28

In C++, I use something like this DEBUG macro:

#ifdef DEBUG
#define DEBUG_STDERR(x) (std::cerr << (x))
#define DEBUG_STDOUT(x) (std::cout << (x))
#else 
#define DEBUG_STDERR(x)
#define DEBUG_STDOUT(x)
#endif

Does Rust have something similar?

4 Answers 4

38

Rust 1.32.0

Rust 1.32.0 stabilized the dbg!() macro, which outputs:

  • The file name on which the macro was called.
  • The line number on which the macro was called.
  • A pretty print of the argument (which must implement the Debug trait).

Note: dbg!() moves its argument, so you may want to pass non-copy types by reference.

Example: Array of Points (Playground)

#[derive(Debug)]
struct Point {
    x: i32,
    y: i32,
}

fn main() {
    let points = [
        Point { x: 0, y: 0 },
        Point { x: 2, y: 3 },
        Point { x: 5, y: 7 },
    ];

    dbg!(&points);
}

Program Output

[src/main.rs:14] &points = [
    Point {
        x: 0,
        y: 0
    },
    Point {
        x: 2,
        y: 3
    },
    Point {
        x: 5,
        y: 7
    }
]

Example: Conditional Compilation (Playground)

The OP expressed a desire to display the debug content only when compiling in debug mode.

The following is a way to achieve this:

#[cfg(debug_assertions)]
macro_rules! debug {
    ($x:expr) => { dbg!($x) }
}

#[cfg(not(debug_assertions))]
macro_rules! debug {
    ($x:expr) => { std::convert::identity($x) }
}

fn main() {
    let x = 4;
    debug!(x);
    if debug!(x == 5) {
        println!("x == 5");
    } else {
        println!("x != 5");
    }
}

Program Output (Debug Mode)

---------------------Standard Error-----------------------

[src/main.rs:13] x = 4
[src/main.rs:14] x == 5 = false

---------------------Standard Output----------------------

x != 5

Program Output (Release Mode)

---------------------Standard Output----------------------

x != 5

Before Rust 1.32.0

You could use the log crate or you could define one yourself.

3
  • 1
    I've got rust 1.50 but even compiling with 'cargo build --release' I get the output? How to disable it in release mode?
    – MappaM
    Feb 19, 2021 at 9:26
  • 1
    @MappaM This is expected as dbg! is designed to be used in both Debug and Release builds. Official documentation is clear about its purpose: Note that the macro is intended as a debugging tool and therefore you should avoid having uses of it in version control for long periods. Use cases involving debug output that should be added to version control are better served by macros such as debug! from the log crate.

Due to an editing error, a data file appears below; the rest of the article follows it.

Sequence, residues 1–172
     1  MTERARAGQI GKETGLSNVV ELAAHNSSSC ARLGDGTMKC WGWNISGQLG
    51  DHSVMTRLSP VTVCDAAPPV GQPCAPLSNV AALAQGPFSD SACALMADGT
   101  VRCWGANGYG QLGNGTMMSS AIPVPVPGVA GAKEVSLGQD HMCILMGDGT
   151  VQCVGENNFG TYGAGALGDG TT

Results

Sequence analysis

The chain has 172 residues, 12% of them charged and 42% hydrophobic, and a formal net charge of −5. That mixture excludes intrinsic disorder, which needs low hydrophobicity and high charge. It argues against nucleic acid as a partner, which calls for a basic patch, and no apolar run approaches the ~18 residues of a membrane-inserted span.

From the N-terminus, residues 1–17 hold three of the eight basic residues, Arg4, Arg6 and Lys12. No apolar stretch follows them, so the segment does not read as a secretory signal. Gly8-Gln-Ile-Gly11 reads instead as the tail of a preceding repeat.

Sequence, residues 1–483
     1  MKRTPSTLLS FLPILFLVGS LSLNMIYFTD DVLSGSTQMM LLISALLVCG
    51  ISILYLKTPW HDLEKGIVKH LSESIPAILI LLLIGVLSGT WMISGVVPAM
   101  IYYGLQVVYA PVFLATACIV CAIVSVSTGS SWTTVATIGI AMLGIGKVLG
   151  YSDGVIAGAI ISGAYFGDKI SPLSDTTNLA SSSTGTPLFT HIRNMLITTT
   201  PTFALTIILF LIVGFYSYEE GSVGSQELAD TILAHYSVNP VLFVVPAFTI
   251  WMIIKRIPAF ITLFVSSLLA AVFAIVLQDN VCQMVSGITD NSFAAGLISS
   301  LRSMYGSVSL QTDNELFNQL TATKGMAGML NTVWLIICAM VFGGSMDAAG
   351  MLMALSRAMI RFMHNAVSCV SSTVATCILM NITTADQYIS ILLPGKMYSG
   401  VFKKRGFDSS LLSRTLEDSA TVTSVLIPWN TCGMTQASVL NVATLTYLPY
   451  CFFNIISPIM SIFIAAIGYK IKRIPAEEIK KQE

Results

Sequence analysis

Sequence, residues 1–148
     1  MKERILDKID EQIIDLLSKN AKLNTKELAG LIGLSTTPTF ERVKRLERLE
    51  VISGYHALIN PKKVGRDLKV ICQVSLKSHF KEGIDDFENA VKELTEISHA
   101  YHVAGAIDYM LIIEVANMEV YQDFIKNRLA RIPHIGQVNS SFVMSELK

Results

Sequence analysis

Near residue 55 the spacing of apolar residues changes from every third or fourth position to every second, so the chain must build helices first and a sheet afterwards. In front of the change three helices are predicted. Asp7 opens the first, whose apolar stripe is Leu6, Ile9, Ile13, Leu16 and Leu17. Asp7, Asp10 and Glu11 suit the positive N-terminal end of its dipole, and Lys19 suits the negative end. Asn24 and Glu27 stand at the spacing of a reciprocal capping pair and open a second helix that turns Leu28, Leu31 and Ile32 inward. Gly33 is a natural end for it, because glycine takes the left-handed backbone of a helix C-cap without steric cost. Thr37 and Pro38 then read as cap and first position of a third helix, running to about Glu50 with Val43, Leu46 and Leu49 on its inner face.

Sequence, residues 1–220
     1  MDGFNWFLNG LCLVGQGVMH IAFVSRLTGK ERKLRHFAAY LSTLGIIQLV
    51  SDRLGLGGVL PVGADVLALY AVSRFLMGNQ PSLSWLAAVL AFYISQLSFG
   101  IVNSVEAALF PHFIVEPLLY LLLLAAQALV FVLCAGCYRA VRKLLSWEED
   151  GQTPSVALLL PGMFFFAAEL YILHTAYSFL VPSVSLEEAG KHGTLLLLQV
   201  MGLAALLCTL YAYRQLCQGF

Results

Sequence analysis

– legends2k
    Aug 16, 2021 at 5:42
  • As demonstrated, dbg! also returns its argument (which is why it has to move it) so it can be used to wrap any expression whatsoever (as long as its type is Debug). Dec 12, 2022 at 18:01
15

Although it makes sense to use something like the log crate as mentioned in DK's answer, here's how to do the direct equivalent of what you asked:

// The debug version
#[cfg(feature = "my_debug")]
macro_rules! debug_print {
    ($( $args:expr ),*) => { println!( $( $args ),* ); }
}

// Non-debug version
#[cfg(not(feature = "my_debug"))]
macro_rules! debug_print {
    ($( $args:expr ),*) => {}
}

fn main() {
    debug_print!("Debug only {}", 123);
}

And in your Cargo.toml, add a [features] section:

[features]
my_debug = []

The output then appears with cargo run --features my_debug, and doesn't with a plain cargo run.

2
  • 9
    This can be a little more concise by piggybacking off of the existing debug_assertions attribute that controls macros such as debug_assert!. Just change the #[cfg(feature = "my_debug")] bits to #[cfg(debug_assertions)] and drop the change to Cargo.toml. This way the debug code is automatically ignored for release builds! Dec 5, 2017 at 21:46
  • Nowadays this gives "error: macros that expand to items must be delimited with braces or followed by a semicolon"
    – MappaM
    Feb 19, 2021 at 9:17
8

You could define them yourself, but it would be simpler to use the log crate, which defines several macros for various purposes (see the log documentation).

Note that the crate only provides the frontend for logging; you'll also need to select a backend. There's a basic example in the log documentation, or you could use something like env_logger or log4rs.

3

Macro based on Chris Emerson answer and CJ McAllister comment

// Disable warnings

#[allow(unused_macros)]

// The debug version

#[cfg(debug_assertions)]
macro_rules! log {
    ($( $args:expr ),*) => { println!( $( $args ),* ); }
}

// Non-debug version

#[cfg(not(debug_assertions))]
macro_rules! log {
    ($( $args:expr ),*) => {()}
}

Using

log!("Don't be crazy");
log!("Answer is {}", 42);

Building by cargo build --release will replace all log!(...) with unit tuple ();

I didn't found the way to replace to nothing but I think compiler will do it.

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